If you’re interested in taking a real look under the hood, then consider deeper research into SDKs and the AR platforms that provide reliable computer vision. From a topline perspective, the overall objective of the SDKs and AR platforms is usually to deliver robust experiences in a variety of environments. Namely, your physical surroundings. Which means that for those looking for creative empowerment, such as game developers, these platforms give creative freedom. This is especially important when attempting to reflect a specific brand or business result. If we have goals to achieve, we want the flexibility to get there as we choose to. When shopping for these, it is key that the leading phones, tablets, eye ware and softwares are supported and that everyday images or environments can be recognized. Otherwise, you’ll only have so many tools in the tool kit. When all you have is a hammer, everything looks like a nail.
OK, so back to what we do next with is “interface with our characters”. That’s right, I brought you to life, now speak to me! Love me! Give me attention, Pooh Bear, I MADE YOU! The user interface of augmented reality, especially for eyewear, is being developed now, and is ot yet ready, so, sorry but Pooh is still too dumb to play. The technicians and UI developers are working closer than ever as we enter an age of seamless integration between the game engines like Unity 3D or Unreal and SDKs like Vuforia. The SDKs help you get started from developer portal to final product. Check out tutorial here. Additionally, you can download Augmented Reality User Interfaces here.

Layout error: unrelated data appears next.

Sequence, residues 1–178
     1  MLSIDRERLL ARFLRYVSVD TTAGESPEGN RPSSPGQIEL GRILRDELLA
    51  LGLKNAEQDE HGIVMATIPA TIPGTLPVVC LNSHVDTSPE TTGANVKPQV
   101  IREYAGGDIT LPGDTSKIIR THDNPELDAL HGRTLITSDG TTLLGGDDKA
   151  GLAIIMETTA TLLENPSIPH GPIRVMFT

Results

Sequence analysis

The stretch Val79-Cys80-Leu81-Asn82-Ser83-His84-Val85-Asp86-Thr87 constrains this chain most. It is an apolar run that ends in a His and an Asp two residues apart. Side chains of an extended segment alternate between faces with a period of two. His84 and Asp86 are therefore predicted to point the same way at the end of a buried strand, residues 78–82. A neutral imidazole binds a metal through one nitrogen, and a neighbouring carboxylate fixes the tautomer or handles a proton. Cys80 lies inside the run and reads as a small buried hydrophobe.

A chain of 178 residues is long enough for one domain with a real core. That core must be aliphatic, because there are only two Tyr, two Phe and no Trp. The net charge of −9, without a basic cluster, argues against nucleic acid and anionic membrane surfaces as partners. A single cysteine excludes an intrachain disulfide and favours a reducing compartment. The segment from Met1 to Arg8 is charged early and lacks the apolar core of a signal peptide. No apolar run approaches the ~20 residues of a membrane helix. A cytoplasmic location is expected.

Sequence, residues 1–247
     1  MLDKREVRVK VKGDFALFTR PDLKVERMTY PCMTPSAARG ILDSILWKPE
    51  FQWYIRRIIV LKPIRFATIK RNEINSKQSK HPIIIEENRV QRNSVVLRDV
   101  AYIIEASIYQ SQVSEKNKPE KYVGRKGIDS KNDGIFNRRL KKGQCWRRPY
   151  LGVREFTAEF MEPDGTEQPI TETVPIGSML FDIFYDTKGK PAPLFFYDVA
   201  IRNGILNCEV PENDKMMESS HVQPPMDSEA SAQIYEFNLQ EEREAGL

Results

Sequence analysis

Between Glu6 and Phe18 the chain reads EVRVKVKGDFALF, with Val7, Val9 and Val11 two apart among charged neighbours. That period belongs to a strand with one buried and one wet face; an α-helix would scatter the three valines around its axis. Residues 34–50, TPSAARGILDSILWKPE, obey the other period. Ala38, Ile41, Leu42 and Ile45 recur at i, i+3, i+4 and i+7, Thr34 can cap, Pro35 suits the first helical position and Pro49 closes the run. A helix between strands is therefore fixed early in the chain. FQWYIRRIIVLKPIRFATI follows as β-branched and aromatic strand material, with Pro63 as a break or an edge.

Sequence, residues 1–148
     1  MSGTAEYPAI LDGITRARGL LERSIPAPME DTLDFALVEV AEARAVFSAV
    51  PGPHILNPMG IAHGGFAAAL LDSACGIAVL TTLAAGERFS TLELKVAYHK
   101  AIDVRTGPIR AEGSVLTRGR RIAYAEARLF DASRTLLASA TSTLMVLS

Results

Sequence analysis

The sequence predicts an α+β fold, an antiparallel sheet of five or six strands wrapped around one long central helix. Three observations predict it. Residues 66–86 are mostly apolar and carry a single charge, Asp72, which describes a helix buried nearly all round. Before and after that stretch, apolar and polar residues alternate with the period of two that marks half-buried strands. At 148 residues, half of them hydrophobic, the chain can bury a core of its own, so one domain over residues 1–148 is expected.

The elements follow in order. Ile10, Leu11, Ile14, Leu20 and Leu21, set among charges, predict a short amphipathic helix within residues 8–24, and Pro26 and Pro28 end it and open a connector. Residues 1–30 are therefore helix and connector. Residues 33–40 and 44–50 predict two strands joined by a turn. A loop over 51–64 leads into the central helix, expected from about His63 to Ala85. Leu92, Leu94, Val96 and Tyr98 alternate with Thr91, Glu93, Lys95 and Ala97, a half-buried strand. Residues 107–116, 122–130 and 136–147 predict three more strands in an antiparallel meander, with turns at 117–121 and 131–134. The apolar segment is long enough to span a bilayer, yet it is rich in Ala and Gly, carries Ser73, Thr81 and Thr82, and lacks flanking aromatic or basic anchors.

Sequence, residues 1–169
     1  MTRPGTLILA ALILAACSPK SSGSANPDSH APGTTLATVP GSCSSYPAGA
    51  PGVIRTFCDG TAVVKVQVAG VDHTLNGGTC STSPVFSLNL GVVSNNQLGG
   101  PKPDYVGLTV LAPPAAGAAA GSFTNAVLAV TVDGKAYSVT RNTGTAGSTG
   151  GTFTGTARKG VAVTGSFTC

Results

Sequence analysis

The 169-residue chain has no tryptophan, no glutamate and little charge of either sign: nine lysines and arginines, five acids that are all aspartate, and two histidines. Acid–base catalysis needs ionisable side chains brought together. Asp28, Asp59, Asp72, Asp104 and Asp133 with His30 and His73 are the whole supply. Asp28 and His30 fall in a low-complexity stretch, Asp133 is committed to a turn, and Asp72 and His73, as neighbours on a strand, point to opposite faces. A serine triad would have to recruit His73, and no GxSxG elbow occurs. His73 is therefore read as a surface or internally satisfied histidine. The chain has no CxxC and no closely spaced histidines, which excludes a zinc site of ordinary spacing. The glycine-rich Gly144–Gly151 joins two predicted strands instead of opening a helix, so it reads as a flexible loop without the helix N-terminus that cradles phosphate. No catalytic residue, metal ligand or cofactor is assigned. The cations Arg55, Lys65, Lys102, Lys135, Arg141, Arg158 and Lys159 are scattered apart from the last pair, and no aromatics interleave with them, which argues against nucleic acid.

So now that we realize the user interface is critical, and why, the next step with our creations is to connect them to each other. The internet of augmentations, if you will IoA. What that means and how it will play is only happening now, so we do not have definite answers for, yet. Will we have our creations across a variety of different platforms, like we do with our photos today? Some of my pictures are on my phone, others on my laptop’s photo library, more still in the cloud and then, oh yeah, my old phone and that hard drive I left at work. They hardly talk to each other, so I might have the same photo in multiple places and not know it. I imagine we will find a way to connect all our drawings the same way MIT’s media lab realized we can use AR to use digital to digitally physically connect our physical objects in a digital environment. I know, it sounds impossible to understand. See The Verge’s full article here which has a very helpful GIF. Isn’t it amazing what a gif can explain? So, if we are storing our drawings like we store photos, then we can expect the management of these content files to evolve in synchrony. Well, hopefully some smart college kids will answer this conundrum and get it to market before we are burdened by our AR designs being ununiformed.
Applications like Quiver Vision help you fashion creations with AR for a VR catwalk and intend to have an educational portal. As the page is guarded by a form to receive further details, it is safe to assume the portal is not yet ready to ship, but they are on the right track, as by joining the game as an education brand, and not just fun colorful gaming. They have an angle, that’s half the battle. The other half of executing is the difficult half though. The future of educating is likely rooted in fun, colorful, gamified digital experiences, and the more our creative input is reflected in the learning process, the more it will be embedded into our thinking and truly internalized.
So what is next for drawing and coloring in AR? Well, we speculated to an extent on the applications, but what about the industry? The virtual world art space has Quill and Tilt Brush which allow you to export OBJ files, which can then be easily viewed by eyewear. A frictionless integration of our 3d art into our physical world through a holographic processing unity is surely on the horizon and once our characters are living in the world with us, we are Gods.
In the end, drawing and coloring are popping with vibrancy brighter than your 4k screen. They are evolving, as are the machines and ideas that create them. If your drawing can pop to life, then what life does it assume? What does it do next? The coloring and the drawing are only the beginning. By giving the characters life we give life to new industries and possibilities. Keep thinking, there is much yet to be figured out!